The President's Column
By Steve Weitekamp
July 2018 came and went without any major calamity on the California intrastate regulatory front. After over 90 years of regulation, licensing and enforcement by the California Public Utilities Commission (CPUC), Household Movers were transferred to a new agency. As a result of Governor Jerry Brown’s CPUC reorganization plan and Senator Jerry Hill’s SB 19, the entire regulatory program was moved to the Department of Consumer Affairs – Bureau of Electronic & Appliance Repair, Home Furnishings & Thermal Insulation (DCA – BEARHFTI) effective July 1, 2018. At the same time, the code of regulation moved from the Public Utilities Code to the Business and Professions Code. Because of the hard-fought efforts of your Association and our lobbying and legal team, the entire process and its positive outcome appear to be a non-event for the legal move. Knowing what we accomplished makes it (putting it very politely) hard to understand how a legal mover wouldn’t be a member of CMSA. I would tell any non-member, please don’t tell me that you don’t go to meetings or read newsletters, our efforts on just this one issue just saved you thousands of dollars (minimum of $5,000).
In early July, we met with BEARHFTI staff to kick off the program. As expected, they had many questions about our industry and the regulatory system that they had just inherited.
On August 2, the BEARHFTI advisory council met and heard that the plan to change the name of the agency to something that might be easier for consumers to understand was progressing. When we can report the new name, I think movers will appreciate the change. After the meeting, we again met with a motivated BEARHFTI staff in their offices to discuss their first month of administering the program (see enforcement statistics below). CMSA is encouraged to report that the staff seems focused on improving the program to ensure that the moving public and the regulated industry are better served.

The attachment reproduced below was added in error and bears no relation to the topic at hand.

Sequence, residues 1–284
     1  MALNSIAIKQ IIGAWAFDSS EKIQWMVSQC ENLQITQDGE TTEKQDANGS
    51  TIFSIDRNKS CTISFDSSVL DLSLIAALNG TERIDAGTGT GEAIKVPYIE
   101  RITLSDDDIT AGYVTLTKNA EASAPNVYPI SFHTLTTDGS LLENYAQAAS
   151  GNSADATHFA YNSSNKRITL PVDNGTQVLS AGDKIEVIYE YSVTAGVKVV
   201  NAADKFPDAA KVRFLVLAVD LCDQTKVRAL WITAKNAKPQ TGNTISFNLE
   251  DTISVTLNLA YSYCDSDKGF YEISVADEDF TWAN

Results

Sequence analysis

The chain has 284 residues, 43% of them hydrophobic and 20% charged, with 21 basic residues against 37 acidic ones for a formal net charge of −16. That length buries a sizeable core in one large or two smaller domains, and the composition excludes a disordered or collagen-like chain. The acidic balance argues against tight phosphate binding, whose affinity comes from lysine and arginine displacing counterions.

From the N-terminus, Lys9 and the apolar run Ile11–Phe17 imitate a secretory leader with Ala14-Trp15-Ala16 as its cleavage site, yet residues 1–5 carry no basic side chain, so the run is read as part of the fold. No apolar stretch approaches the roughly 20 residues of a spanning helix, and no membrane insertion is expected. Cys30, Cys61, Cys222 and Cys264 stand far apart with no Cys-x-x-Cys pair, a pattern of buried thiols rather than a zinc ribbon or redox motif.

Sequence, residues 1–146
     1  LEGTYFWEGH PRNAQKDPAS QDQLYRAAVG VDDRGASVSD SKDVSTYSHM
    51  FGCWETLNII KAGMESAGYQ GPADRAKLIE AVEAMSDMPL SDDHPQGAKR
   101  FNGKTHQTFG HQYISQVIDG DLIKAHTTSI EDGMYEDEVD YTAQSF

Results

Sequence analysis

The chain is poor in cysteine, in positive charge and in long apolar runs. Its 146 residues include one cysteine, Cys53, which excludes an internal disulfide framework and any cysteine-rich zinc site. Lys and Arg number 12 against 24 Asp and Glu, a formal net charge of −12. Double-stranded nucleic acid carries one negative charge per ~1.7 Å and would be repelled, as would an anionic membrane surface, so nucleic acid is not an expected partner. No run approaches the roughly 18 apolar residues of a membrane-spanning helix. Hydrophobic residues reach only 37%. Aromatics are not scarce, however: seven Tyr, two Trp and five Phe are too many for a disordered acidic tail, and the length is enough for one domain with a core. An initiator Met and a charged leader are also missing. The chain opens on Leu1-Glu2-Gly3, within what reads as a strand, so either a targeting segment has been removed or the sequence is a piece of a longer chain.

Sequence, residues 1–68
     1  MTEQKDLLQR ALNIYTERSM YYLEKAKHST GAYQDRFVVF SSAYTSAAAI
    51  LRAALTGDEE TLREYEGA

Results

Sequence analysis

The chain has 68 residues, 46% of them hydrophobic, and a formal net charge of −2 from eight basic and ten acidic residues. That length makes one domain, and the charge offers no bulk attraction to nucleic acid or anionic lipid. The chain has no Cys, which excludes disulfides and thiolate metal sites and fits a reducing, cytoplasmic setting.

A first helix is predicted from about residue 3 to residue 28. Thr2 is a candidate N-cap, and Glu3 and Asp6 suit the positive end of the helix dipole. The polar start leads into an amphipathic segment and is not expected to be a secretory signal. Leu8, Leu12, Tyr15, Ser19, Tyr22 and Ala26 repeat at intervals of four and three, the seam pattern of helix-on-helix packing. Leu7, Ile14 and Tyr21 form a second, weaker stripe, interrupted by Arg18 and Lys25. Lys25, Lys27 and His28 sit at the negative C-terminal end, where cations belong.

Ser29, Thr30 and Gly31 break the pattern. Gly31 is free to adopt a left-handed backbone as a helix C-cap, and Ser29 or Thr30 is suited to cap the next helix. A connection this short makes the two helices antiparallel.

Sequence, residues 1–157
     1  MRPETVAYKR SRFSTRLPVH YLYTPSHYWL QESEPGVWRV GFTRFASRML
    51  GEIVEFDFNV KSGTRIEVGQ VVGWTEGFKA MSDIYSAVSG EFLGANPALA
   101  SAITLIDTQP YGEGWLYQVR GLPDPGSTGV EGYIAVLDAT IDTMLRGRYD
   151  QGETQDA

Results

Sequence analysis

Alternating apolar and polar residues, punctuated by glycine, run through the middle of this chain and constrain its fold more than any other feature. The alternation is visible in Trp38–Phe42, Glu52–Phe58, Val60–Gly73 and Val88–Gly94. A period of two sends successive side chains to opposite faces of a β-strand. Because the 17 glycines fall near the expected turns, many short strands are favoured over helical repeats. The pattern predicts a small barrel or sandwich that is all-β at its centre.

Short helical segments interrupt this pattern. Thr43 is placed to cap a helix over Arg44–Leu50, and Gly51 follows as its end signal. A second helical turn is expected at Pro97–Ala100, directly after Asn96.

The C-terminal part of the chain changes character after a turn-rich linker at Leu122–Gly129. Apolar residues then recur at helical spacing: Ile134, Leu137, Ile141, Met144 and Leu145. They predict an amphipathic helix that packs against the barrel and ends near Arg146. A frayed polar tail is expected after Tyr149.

As you will see from the statistics that follow, the Bureau has made a dramatic enforcement change from the CPUC and taken action against interstate moves that are held hostage in California (something I will review in greater detail in an upcoming issue).
Home Movers Stats from 7/1 – 7/29: 43 Complaints
- 11 interstate moves (overcharges, unlicensed, etc.)
- 7 hold hostage complaints – (Quest and Unified both have two or more)
- 7 loss or damage to household goods
- 5 miscellaneous (person living in moving van, business identity theft, non-jurisdictional)
- 3 refunds
- 3 complaints re: unlicensed activity
- 3 complaints pending analysis
- 1 overcharge and damage
- 1 restoration
- 1 refusal to file a claim for damages, even though the customer purchased insurance coverage.
CMSA transferred 460 referrals to the bureau for unlicensed activity. These referrals had originally been reported to the PUC. CMSA has reported 5 referrals for unlicensed activity directly to the bureau.
- CMSA Communicator